Shopping for groceries takes on a whole new meaning this side of Baja; especially when all of it literally ends up on your back. Imagine back home how much healthier we’d all be if we had to carry everything you eat – on your back! Got dog! Get him a pack to and make him actually do some dog work by carrying his food back as well. This might even cut back on the dog poop you are now picking up.
So, how did the Subway guy do it to lose weight? Every day the guy walks the six miles or so to his local Subway, then ate a watered down version of a Subway sandwich, (minus the mayo, etc) and then walked back home, dropping say 150 or so pounds along the way home. Cruisers fortunately have it way easier.
Here is how our shopping scenario went: Get dropped off by marina shuttle van at Mega food store, enter and depart Mega food store without making any purchases, walk to nearby Chedrau food store for less, shop at Chedrau food store for less. Way better produce!
Lug all you see in the pictures below, all over and around town looking for a good used fishing pole for Meghan (S/V Crescendo); naturally stopping for food and drink(s) before stopping at a really great wine & liquor store tucked just so in a La Paz neighborhood (La Cava del Patron). Realizing that best option for fishing pole is to listen to the morning net on VHF Channel 22A and then advertise that you are looking for a good used trolling pole.
La Cava del Patron is a hit with cruisers, as you can also purchase any type of local brew made (i.e. from Ensenada to Cabo) beers.
At the 24/7 Taco Restaurant (where they only close one hour for cleaning) I enjoyed for lunch an o.k. plate of garlic shrimps with salad, rice and tortillas. Two Indio beers to wash it all down as well as all the guacamole and chips one can eat. Depending on what one orders, the free side dishes seem to expand. Earlier I said o.k. because food today is local food, good food but, just not off the top like most of the other places. Back home, this food would qualify as really great Mexican food. Here, we’re just getting around to start calling it FOOD.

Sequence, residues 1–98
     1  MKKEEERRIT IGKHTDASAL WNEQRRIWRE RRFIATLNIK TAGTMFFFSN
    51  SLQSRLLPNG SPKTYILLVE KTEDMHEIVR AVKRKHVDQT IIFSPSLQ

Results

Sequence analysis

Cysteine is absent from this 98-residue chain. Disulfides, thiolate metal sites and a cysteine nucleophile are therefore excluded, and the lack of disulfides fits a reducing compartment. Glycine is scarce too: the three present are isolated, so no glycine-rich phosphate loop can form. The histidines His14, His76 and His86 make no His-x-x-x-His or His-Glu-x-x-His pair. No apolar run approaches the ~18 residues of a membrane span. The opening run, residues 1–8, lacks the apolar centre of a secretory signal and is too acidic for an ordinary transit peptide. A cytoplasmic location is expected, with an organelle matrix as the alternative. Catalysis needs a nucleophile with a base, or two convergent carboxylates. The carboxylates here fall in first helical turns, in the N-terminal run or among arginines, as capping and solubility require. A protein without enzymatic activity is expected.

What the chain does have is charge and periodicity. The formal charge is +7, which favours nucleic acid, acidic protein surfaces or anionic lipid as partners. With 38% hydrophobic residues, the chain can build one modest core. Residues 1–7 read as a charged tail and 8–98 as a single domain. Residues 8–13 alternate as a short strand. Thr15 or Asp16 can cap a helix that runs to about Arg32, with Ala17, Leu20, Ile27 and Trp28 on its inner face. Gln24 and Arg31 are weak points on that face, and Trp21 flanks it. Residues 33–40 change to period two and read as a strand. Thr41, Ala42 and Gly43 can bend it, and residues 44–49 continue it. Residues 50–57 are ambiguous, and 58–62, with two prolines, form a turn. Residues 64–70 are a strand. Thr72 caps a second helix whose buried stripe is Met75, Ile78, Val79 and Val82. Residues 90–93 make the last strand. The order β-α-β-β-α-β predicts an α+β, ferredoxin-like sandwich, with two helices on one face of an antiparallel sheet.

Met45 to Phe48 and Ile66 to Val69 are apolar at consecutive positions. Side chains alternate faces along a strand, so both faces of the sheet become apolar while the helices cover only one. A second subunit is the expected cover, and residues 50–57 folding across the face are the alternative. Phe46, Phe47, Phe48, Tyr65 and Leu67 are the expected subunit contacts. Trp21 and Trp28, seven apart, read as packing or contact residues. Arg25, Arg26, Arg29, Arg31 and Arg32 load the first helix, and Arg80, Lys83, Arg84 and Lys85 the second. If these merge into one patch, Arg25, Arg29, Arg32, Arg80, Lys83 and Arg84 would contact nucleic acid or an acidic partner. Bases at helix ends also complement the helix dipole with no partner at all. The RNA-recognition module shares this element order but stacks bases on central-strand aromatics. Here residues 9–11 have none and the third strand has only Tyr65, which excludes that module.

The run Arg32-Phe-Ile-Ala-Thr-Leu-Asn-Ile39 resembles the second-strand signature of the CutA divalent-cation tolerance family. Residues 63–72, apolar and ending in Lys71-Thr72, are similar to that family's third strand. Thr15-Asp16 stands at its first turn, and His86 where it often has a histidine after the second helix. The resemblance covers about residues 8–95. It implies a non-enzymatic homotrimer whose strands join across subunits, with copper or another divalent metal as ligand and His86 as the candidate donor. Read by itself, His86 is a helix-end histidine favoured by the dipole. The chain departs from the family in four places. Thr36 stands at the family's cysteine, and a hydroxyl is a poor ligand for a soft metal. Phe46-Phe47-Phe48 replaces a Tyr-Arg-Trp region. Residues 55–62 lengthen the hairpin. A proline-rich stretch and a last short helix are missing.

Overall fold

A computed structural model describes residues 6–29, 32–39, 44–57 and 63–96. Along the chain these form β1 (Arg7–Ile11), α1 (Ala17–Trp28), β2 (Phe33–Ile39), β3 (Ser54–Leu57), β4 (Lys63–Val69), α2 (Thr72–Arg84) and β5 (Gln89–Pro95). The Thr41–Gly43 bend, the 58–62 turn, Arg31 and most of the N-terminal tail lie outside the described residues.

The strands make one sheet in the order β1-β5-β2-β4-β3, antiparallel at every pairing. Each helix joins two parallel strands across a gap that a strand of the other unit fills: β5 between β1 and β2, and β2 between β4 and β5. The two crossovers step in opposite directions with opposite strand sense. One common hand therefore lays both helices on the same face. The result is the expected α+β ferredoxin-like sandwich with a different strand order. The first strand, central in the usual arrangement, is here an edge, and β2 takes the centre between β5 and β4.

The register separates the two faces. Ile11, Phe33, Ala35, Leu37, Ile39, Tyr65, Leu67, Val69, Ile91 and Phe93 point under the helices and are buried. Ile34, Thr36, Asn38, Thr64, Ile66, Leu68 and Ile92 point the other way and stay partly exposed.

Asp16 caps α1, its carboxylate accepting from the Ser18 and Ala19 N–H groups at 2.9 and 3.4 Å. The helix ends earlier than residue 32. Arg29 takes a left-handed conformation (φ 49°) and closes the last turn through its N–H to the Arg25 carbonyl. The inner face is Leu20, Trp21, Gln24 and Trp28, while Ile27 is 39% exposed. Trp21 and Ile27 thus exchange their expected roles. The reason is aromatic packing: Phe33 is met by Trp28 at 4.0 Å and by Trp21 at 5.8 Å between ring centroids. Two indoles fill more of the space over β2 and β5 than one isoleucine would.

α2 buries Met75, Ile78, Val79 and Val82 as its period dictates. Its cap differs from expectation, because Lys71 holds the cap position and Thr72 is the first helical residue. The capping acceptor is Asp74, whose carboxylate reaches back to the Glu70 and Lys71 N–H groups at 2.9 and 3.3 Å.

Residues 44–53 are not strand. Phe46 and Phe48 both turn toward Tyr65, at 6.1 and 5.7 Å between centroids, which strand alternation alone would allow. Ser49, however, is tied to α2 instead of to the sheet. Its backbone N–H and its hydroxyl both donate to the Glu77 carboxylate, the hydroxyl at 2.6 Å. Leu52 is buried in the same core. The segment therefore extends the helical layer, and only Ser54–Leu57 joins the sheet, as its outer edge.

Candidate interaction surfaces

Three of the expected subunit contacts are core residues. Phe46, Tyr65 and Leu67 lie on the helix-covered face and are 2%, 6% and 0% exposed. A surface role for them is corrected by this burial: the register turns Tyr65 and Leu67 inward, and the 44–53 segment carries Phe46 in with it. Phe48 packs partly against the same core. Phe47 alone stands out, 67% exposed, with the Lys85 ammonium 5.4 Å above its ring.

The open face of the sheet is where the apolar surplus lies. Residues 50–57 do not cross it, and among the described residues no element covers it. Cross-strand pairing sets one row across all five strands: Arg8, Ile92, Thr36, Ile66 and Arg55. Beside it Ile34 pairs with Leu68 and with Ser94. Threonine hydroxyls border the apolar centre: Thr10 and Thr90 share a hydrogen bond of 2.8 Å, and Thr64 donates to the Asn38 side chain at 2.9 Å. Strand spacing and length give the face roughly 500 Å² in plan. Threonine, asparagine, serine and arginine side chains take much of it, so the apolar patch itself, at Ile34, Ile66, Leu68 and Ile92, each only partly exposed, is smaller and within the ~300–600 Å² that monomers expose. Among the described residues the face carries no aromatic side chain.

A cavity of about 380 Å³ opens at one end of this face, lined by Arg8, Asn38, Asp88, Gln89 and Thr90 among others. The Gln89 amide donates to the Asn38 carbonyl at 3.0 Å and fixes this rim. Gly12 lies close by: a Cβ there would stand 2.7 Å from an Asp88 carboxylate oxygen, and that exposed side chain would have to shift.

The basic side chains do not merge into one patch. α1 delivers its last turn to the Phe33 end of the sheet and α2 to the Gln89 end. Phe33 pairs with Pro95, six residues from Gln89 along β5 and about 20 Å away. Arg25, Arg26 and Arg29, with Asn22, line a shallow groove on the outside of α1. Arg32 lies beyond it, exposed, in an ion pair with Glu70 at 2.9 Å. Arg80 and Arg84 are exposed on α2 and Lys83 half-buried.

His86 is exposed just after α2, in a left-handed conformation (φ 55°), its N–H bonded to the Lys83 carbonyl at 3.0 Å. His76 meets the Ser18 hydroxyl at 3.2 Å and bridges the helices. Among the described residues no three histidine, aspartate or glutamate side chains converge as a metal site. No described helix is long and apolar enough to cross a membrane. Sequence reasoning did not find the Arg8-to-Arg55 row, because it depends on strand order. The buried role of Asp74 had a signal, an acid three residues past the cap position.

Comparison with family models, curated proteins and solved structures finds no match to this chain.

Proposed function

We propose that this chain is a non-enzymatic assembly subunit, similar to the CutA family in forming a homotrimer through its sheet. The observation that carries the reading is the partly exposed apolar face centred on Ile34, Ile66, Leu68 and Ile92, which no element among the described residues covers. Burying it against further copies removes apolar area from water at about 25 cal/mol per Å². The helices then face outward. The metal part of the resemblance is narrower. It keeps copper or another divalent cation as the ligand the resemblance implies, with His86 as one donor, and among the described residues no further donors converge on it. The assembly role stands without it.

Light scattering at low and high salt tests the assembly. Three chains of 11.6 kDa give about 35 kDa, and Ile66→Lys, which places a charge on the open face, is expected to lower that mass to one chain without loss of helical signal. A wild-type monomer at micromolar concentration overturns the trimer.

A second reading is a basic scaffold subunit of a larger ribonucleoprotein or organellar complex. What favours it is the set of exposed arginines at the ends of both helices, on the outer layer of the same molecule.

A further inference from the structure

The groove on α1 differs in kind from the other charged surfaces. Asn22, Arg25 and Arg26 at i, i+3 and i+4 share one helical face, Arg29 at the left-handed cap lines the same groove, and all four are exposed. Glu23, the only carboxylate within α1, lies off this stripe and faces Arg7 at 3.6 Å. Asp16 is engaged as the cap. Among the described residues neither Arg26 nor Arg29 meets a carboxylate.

Order one taco at the 24/7 Restaurant and you qualify for no chips or guacamole. Two or more tacos and now you are a “big spender” and suddenly win the Mexican lotto with the payout reward of chips and guacamole. Order a full meal and a lazy Susan array of cucumbers, roasted chilis, red onions, guacamole and other side dishes magically appears at your table. Big spenders!
All this food for around 200 something pesos (exchange rate of something like 16-18 per one U.S. dollar). The other three enjoyed salads and non US food eater tacos of exotic cuts like tripas. Google that last word as I have yet to try it myself. Back home I rarely drink beer or beer this early in the day. Here it just seems like a natural water allotment for lugging at this food and drink around.
So, what did I buy for those untold pesos. Appetizers, lunch and at least two dinner meals. The ripe bananas that we purchase here are all edible and not tasteless like some back home. The green bananas I will use to make a latin dish we call tostones.
Simple explanation is you cut the bananas into two-inch lengths, half way fry them, using wax paper your now mash them down with a coffee cup, then place back into the frying pan and fry the rest of the way, add salt and serve.
The second version had I purchased ripe bananas is called sweet fried plantains, or plátanos maduros. In this version you want to buy the extremely ripe plantains – the black ones. No mashing needed, just cut, fry and serve. The taste is totally different. One is like eating candy and the other is like enjoying a great eating salad.
I also purchased two types of fish filets and some carne asada meat. Probiotics yogurt, papaya jelly, a fine Mexican wine ($12-18) saving this bottle for when you arrive. Lunch ham and cheese, breakfast muffins, a loaf of french bread. Also, some salad, octopus, clams, green sliced olives, naturally as appetizers. Voila! Breakfast, lunch and dinner all in one shopping trip! And this coming from a guy that months ago had rarely stepped foot in a grocery store.